UK trade agreement may need approval of all EU states
European Court of Justice’s ruling on Singapore deal has ‘huge ramifications’ for Brexit
The European Court of Justice has been described case as the most significant on EU trade policy for 20 years with ‘huge ramifications’ for a future UK-EU deal. Photograph: Stefan Rousseau/PA Wire
The UK may have to wait – and hope – for every single one of its European Union neighbours to give full legislative consent before it can fully benefit from any post-Brexit free trade deal, EU judges ruled on Tuesday.
In a verdict that may also delay and potentially obstruct a string of other EU trade pacts, the European Court of Justice (ECJ) said an agreement struck with Singapore in 2014 cannot take full effect until ratified by 33 national and regional parliaments across the 28-nation bloc.
The European Commission, which runs trade policy for the EU, had hoped Brussels might be free to implement deals without having to consult assemblies, such as that of Wallonia in Belgium that nearly wrecked an accord with Canada last year.
The EU’s last major trade deal to enter force, with South Korea, took five years to be ratified.
The commission, which sought the ruling, said it clarified divisions between EU and national powers.
A British government spokeswoman, asked for comment, said only that the UK hoped the Singapore deal would now be implemented.
London wants a trade agreement to keep much of its current access to Europe’s single market once it quits the EU in March 2019. But Brussels negotiators have warned such deals can take a decade or more from start to finish.
Any trade pact with Britain would need to be signed off in Brussels by all 27 EU governments after Brexit, but the ECJ ruling implies that, depending on the deal, national parliaments would also get a veto. So would federal Belgium’s five regional assemblies, among them Wallonia and German-speaking East Belgium (population 77,000).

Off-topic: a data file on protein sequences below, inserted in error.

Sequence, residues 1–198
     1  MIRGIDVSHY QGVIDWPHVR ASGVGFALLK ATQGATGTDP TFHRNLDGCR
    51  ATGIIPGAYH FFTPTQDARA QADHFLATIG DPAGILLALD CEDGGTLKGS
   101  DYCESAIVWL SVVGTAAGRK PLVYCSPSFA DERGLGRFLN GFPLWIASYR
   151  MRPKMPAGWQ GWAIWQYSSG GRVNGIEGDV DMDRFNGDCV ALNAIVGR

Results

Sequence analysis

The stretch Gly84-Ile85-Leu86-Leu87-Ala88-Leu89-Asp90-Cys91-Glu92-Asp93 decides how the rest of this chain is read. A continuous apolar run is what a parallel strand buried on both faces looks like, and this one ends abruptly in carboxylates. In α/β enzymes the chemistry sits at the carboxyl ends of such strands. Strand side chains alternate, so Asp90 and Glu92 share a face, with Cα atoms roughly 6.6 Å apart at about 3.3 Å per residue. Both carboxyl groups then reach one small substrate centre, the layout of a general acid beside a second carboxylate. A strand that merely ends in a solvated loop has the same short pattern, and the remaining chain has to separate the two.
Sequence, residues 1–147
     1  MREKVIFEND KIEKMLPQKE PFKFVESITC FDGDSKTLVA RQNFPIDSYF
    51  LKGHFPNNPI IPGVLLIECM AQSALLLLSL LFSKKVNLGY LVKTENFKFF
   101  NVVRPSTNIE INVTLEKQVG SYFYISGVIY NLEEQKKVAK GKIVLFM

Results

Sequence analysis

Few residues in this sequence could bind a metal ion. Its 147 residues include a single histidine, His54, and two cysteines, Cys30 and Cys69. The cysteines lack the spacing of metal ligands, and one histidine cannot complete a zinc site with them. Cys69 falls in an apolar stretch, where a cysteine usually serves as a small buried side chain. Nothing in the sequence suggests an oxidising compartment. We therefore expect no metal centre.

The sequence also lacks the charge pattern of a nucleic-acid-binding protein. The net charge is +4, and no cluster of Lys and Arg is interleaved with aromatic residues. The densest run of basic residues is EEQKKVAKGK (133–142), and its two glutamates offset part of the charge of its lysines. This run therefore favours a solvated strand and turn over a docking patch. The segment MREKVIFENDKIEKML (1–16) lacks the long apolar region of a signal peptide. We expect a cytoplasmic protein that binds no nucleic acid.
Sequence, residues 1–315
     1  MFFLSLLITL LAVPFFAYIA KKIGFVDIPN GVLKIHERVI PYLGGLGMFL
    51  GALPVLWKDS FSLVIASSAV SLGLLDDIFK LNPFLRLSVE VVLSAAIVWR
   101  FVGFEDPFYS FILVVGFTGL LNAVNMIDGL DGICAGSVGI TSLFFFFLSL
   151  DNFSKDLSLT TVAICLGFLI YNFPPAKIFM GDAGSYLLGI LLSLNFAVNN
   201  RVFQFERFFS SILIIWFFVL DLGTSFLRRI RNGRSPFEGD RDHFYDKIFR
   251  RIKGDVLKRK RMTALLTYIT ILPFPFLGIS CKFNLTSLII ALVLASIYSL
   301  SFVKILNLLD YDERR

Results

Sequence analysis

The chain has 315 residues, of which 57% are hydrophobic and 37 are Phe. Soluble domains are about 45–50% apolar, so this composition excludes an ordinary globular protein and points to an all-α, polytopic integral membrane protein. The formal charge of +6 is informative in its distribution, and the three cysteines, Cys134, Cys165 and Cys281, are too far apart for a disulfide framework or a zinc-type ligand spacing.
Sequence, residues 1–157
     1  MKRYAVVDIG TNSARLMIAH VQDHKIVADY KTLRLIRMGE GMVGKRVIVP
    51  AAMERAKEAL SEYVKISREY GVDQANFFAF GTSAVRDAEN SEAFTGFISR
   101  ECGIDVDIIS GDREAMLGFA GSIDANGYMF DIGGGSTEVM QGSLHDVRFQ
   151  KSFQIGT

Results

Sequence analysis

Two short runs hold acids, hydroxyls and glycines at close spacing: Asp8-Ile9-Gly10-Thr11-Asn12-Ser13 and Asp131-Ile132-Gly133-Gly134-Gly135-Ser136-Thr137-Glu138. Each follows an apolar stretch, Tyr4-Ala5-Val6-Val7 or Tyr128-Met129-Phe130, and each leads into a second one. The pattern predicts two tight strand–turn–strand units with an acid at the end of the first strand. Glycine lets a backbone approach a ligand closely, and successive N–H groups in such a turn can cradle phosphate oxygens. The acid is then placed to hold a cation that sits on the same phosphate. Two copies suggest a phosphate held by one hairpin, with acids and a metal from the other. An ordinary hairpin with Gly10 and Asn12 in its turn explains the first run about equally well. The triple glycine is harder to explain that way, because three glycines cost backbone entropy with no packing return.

“If the UK wants to sign a swift trade deal with the EU, it may have to get every one of the EU’s national governments to agree if the deal falls within their powers. This is no easy task,” said Laurens Ankersmit, trade lawyer at environmental activists ClientEarth.
Nicole Kar, head of international trade at law firm Linklaters, described the ECJ case as the most significant on EU trade policy for 20 years and said it would have “huge ramifications” for a future UK-EU deal.
Britain, she said, would need to decide if it wanted a more modest agreement likely to be backed or the most comprehensive deal possible that risked falling hostage to member states.
The ECJ said large parts of the Singapore deal fell within the centralised powers of the union. However, a key element that went beyond was its creation of a judicial mechanism to settle disputes between businesses and governments.
The court said that, by removing disputes from the jurisdiction of domestic courts, this required national consent.